Naomi was first published as a serial in a Japanese newspaper starting in 1924. (I do not think there is any newspaper editor in The USA or Europe that could have published this work at that time without risking arrest.) It is set in Japan in the early 1920s in Tokyo. It is narrated by a male engineer named Joji. At the start of the work he is 27. It details his obsession with Naomi, who is 15 when he first meets her. (It appears the age difference and the age of Naomi was not contrary to statute and custom in Japan at the time.) Joji meets her where she works as a waitress in a coffee house. He is mesmerized by her beauty. Her family is quite poor and has a less than stellar reputation. Joji offers to take her off her parents hands and raise her and they readily agree to relieve themselves of a burden. Joji is very devoid of experience of romantic encounters of any kind but deeply desires Naomi. He is a very decent man and he knows it is best that they live together as friends only, sort off, to start. He sends her to school, buys her nice clothes and hires an English tutor for her. He also loves giving Naomi her bath. Naomi begins to realize the power she can obtain over Joji. The bathing ritual goes on for a long time. There is no sex at this point between Naomi and Joji but the bathing ritual is clearly very erotic for both of them. We can feel the power of Naomi growing. Joji begins to develop a fetish like obsession with Naomi's skin. He begins to keep a log of the development of her body as she matures into a woman. Naomi who was once an undemanding young woman begins to demand more material goods from Joji. Joji begins their relationship worshiping her for her purity, as he perceives it. As the narrative proceeds it is clear he is an unreliable narrator. (I like to think that maybe Ford Madox Ford might have published Naomi in The English Review). Naomi decides she wants to have lessons in Western style dancing. Now the real trouble begins. The lessons are given by a White Russian woman who may have been a countess in the old days. (I notice in novels of the 1920s former Russian noblewomen often play the parts of the bringers of trouble.) Naomi is about 19 now and she and Joji are married. Naomi begins to occasionally mock Joji as an old man out touch with the then westernizing Japan. He begins to compare her to Mary Pickford, something she finds very flattering. There are young men her age in the dance class and to Joji's great surprise somehow Naomi seems to already know them. When he asks her how she knows them, she tells him oh I just met them around. There is also a Western man in the class. Joji sees him as sinister figure of some sort in Japan as part of criminal enterprise. Soon some really bad things happen. I do not want to tell anymore of the plot action as the plot is so much fun and suspenseful as well. We were really made to care about Joji even if our 21th century sensibilities are offended by his joy in bathing the 15 year old Naomi which becomes full scale erotic enslavement. (I admit as his enslavement to Naomi progresses I wanted to tell him go down to the pleasure quarters and get her out of your system before it is too late.). The work is acutely perceptive in his portrayal of the characters. We see slowly the dynamics of power change. Joji thinks he loves Naomi but he actually has altered her into a fetish object. Naomi is drawn to western culture and completely repelled by her own cultural roots. In one purely masterful scene Naomi comes to visit Joji dressed in purely western clothes with matching make up and hair. The revulsion felt by Joji nearly made my skin crawl.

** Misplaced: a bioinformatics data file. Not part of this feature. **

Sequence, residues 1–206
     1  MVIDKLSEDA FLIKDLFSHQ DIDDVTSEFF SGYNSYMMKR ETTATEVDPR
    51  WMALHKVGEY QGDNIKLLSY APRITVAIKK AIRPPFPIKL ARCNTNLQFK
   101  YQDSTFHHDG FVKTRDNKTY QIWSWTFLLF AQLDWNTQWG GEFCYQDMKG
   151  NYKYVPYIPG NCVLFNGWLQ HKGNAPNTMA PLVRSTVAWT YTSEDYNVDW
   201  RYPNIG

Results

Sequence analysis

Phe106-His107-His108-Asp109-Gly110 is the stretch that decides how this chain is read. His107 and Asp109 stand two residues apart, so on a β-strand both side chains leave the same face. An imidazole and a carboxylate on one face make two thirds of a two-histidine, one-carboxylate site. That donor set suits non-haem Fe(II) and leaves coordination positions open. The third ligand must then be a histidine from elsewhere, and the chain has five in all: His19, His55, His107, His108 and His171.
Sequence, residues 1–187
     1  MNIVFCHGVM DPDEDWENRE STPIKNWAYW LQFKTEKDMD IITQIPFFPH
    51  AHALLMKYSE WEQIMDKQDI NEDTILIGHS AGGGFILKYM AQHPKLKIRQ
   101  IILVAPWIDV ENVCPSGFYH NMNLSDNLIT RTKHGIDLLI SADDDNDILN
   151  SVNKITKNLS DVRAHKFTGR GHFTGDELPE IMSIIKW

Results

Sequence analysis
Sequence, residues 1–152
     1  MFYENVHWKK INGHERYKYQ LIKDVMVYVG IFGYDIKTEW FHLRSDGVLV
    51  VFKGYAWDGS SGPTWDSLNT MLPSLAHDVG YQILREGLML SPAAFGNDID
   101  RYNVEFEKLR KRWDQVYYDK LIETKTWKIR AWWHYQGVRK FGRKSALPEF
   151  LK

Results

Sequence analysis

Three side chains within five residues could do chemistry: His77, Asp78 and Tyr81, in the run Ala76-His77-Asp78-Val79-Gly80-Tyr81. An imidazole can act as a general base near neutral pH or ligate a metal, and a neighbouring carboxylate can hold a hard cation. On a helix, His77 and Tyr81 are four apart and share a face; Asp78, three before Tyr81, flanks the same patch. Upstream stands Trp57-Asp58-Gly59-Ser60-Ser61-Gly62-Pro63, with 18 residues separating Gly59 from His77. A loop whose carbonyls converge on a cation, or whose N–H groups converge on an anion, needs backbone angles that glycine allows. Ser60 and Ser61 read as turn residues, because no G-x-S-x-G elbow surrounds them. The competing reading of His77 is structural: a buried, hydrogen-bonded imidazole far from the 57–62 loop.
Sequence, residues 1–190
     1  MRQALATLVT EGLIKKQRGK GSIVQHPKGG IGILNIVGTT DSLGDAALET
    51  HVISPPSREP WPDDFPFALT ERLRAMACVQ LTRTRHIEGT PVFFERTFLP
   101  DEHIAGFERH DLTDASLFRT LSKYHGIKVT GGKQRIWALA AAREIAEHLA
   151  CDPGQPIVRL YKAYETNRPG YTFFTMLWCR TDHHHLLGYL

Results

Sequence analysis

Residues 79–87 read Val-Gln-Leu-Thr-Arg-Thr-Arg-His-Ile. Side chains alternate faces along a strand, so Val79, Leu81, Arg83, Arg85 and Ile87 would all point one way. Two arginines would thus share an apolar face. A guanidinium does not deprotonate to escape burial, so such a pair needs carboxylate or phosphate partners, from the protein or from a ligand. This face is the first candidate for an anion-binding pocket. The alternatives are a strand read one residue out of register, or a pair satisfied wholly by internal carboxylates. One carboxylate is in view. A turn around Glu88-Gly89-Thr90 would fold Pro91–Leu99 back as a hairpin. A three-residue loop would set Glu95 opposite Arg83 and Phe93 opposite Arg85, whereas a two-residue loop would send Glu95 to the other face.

Naomi has numerous thematic mines one could work. It is a tale of the corruption of a culture by an outside force. It is a story of the balance of power between a man and a woman. It is a classic tale of misperception. In Naomi we have a woman degraded by what she and others think exalts her. It is also a story of what may be described without being judgmental as a sexual perversion by which I mean turning in this case a woman, Naomi, from a person to a fetish object. There are also lots of acute observations along the way. It is a good look at Japan in the 1920s and the influence of western culture, mainly movies. (For a time Tanizaki was a screen writer.) I cannot judge if the translation is good or not but the prose is very well done and there are none of the "howlers" there are in some translated work. It is a tragedy and a comedy of manners. Most of all it is a lot of fun to read.
This is the sixth work of Junichiro Tanizaki that I have reviewed for the Japanese Literaure 3 Challenge. I have him on my "Read all they have written list-or in this case all that has been translated list." I think he has four other novels translated into English that I have not yet read along with a collection of short stories and a work of artistic theory.
This will be my last review for the Japanese Literature 3 Challenge. I give my sincerest gratitude to Dolce Bellezza for hosting it. As The Japanese Challenge 4 begins I plan to do a post called "The Reading Life Guide to Getting Started in the Japanese Novel" where I will give my ideas on the best 3, 6, 9 or 12 Japanese novels to start with and why one should read Japanese novels. There are still, of course, huge holes in my reading. One obvious one is that I have read none of the major works of Murakami. I hope to read his major works in the next few months. I also have two novels by Kenzaburo Oe waiting to be read soon and he has a brand new one coming out in March!-